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Causal effect of alcohol use on the risk of end-stage kidney disease and related comorbidities: a Mendelian randomization study
Article in English | WPRIM | ID: wpr-893821
Responsible library: WPRO
ABSTRACT
Background@#An inverse observational association between alcohol use and the risk of chronic kidney disease (CKD) or end-stage kidney disease (ESKD) has been reported. The causal effect of alcohol use on the risk of ESKD warrants additional investigation. @*Methods@#The study was an observational cohort study investigating the UK Biobank and performed Mendelian randomization (MR) analysis. Amounts of alcohol use were collected using a touchscreen questionnaire. In the observational analysis, 212,133 participants without prevalent ESKD were studied, and the association between alcohol use and the risk of prevalent CKD or incident ESKD was investigated. The genetic analysis included 337,138 participants of white British ancestry. For one-sample MR, an analysis based on a polygenic risk score (PRS) was conducted with genetically predicted alcohol intake. The MR analysis investigated ESKD outcome and related comorbidities. @*Results@#Lower alcohol use was observationally associated with a higher risk of prevalent CKD or incident ESKD. However, the genetic risk of CKD was significantly associated with lower alcohol use, suggesting reverse causation. A higher PRS for alcohol use was significantly associated with a higher risk of ESKD (per units of one phenotypical alcohol drink; adjusted odds ratio of 1.16 [95% confidence interval, 1.02–1.31]) and related comorbidities, including hypertension, diabetes mellitus, obesity, and central obesity. @*Conclusion@#The inverse observational association between alcohol use and the risk of CKD or ESKD may have been affected by reverse causation. Our study supports a causal effect of alcohol use on a higher risk of ESKD and related predisposing comorbidities.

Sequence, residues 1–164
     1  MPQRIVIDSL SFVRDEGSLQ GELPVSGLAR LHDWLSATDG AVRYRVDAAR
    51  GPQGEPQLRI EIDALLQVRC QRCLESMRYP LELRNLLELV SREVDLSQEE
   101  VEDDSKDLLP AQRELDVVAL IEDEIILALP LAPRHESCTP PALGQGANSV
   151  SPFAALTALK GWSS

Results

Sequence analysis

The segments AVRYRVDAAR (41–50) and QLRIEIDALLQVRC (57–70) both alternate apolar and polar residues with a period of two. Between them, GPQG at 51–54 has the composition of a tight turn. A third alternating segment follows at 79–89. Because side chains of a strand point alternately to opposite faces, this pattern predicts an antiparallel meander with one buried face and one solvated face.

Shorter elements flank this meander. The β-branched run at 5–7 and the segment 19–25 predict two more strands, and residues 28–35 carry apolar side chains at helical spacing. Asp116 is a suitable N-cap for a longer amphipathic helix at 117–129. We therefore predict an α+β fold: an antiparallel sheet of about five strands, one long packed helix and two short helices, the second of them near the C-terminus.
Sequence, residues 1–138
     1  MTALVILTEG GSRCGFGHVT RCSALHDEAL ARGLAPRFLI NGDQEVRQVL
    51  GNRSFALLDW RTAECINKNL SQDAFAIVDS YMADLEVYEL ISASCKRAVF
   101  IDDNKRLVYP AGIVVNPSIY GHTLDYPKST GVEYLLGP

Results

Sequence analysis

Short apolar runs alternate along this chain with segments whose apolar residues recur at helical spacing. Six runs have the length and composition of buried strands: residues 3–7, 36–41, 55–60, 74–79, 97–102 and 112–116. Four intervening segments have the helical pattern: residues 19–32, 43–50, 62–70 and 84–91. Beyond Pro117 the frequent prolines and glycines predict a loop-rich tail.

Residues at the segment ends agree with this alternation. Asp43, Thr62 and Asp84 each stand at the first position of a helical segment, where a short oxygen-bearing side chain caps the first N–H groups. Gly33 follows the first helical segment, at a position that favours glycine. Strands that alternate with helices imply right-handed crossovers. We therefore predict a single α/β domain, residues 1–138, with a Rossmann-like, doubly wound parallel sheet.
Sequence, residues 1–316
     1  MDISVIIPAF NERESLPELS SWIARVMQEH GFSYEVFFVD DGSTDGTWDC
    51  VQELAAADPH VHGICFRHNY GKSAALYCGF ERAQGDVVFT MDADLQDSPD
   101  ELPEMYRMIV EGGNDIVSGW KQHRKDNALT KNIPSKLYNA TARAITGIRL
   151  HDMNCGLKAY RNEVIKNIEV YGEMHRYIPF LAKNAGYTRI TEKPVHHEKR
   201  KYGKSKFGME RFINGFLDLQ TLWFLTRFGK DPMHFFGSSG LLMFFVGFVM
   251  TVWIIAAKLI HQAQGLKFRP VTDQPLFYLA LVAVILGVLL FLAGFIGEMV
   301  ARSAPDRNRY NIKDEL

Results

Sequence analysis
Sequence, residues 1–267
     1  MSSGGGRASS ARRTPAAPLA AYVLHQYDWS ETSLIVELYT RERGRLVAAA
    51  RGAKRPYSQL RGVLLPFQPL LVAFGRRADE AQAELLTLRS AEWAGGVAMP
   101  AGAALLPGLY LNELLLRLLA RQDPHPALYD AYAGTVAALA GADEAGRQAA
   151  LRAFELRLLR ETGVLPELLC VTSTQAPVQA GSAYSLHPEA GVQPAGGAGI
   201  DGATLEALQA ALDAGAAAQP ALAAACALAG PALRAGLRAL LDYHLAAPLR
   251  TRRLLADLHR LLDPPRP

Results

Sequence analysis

Full text: Available Index: WPRIM (Western Pacific) Language: English Journal: Kidney Research and Clinical Practice Year: 2021 Type: Article

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Full text: Available Index: WPRIM (Western Pacific) Language: English Journal: Kidney Research and Clinical Practice Year: 2021 Type: Article